by PAGE GARDNER, Huffington Post
In the first Labor Day celebration in American history, some 12,000 tradesmen paraded through the streets of New York City. The cigar makers, blacksmiths and bricklayers (all men) carried silk banners calling for an eight-hour workday, an end to child labor and abolishment of New York's shameful tenements. After years of struggle, they were victorious.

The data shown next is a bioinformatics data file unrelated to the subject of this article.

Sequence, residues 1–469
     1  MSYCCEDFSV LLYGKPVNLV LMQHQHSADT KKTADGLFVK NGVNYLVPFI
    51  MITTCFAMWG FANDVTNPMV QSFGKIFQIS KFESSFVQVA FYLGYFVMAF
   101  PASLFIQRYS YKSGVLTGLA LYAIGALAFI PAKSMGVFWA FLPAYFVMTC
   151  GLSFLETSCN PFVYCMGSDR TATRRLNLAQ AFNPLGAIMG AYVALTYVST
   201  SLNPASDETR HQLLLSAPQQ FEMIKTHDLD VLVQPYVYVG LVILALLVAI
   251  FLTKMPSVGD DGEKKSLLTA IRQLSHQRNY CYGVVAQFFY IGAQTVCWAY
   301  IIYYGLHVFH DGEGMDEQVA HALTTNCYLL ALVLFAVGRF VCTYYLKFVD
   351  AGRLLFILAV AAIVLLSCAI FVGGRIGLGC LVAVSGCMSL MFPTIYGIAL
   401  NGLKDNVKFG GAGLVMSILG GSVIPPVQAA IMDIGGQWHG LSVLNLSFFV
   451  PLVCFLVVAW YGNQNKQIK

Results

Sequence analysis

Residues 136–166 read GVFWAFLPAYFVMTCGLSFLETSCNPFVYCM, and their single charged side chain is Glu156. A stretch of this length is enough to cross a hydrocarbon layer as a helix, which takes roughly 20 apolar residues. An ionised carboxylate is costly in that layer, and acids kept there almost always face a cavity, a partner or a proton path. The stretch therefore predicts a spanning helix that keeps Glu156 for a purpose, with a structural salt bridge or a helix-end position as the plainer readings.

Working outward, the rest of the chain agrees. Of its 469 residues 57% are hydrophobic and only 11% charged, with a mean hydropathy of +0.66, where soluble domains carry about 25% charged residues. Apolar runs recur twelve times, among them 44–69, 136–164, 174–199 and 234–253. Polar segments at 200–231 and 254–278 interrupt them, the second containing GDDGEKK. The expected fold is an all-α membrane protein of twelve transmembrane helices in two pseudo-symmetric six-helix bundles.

I was reminded of the 1882 Labor Day parade when the U.S. Census Bureau last week released data on the current makeup of America's families. Beyond the obvious fact that women today comprise about half of the U.S. work force, changes to the American family have been dramatic. My two big takeaways from the report are that more adults (especially women) are living alone than ever before and that the economic recession has had a devastating effect on America's unmarried women.